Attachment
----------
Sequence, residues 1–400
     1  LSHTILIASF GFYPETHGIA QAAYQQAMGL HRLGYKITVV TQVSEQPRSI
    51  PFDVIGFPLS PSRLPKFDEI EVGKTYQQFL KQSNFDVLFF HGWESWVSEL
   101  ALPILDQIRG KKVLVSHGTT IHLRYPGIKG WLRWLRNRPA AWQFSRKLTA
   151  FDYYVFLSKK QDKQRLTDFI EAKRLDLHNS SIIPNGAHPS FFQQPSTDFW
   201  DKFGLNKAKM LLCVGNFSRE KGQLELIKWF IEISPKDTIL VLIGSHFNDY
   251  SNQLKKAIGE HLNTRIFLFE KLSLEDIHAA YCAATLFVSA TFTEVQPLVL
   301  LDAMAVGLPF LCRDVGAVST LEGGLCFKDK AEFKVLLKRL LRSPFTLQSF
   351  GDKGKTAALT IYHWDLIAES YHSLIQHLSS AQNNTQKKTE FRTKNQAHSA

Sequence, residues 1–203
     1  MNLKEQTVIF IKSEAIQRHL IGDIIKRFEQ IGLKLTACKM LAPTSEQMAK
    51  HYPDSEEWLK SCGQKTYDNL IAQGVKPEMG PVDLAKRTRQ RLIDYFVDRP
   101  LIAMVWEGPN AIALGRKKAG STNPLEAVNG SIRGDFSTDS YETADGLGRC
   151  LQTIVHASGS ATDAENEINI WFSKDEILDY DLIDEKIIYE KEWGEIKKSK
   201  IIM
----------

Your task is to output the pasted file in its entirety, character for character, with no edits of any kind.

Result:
Sequence, residues 1–400
     1  LSHTILIASF GFYPETHGIA QAAYQQAMGL HRLGYKITVV TQVSEQPRSI
    51  PFDVIGFPLS PSRLPKFDEI EVGKTYQQFL KQSNFDVLFF HGWESWVSEL
   101  ALPILDQIRG KKVLVSHGTT IHLRYPGIKG WLRWLRNRPA AWQFSRKLTA
   151  FDYYVFLSKK QDKQRLTDFI EAKRLDLHNS SIIPNGAHPS FFQQPSTDFW
   201  DKFGLNKAKM LLCVGNFSRE KGQLELIKWF IEISPKDTIL VLIGSHFNDY
   251  SNQLKKAIGE HLNTRIFLFE KLSLEDIHAA YCAATLFVSA TFTEVQPLVL
   301  LDAMAVGLPF LCRDVGAVST LEGGLCFKDK AEFKVLLKRL LRSPFTLQSF
   351  GDKGKTAALT IYHWDLIAES YHSLIQHLSS AQNNTQKKTE FRTKNQAHSA

Sequence, residues 1–203
     1  MNLKEQTVIF IKSEAIQRHL IGDIIKRFEQ IGLKLTACKM LAPTSEQMAK
    51  HYPDSEEWLK SCGQKTYDNL IAQGVKPEMG PVDLAKRTRQ RLIDYFVDRP
   101  LIAMVWEGPN AIALGRKKAG STNPLEAVNG SIRGDFSTDS YETADGLGRC
   151  LQTIVHASGS ATDAENEINI WFSKDEILDY DLIDEKIIYE KEWGEIKKSK
   201  IIM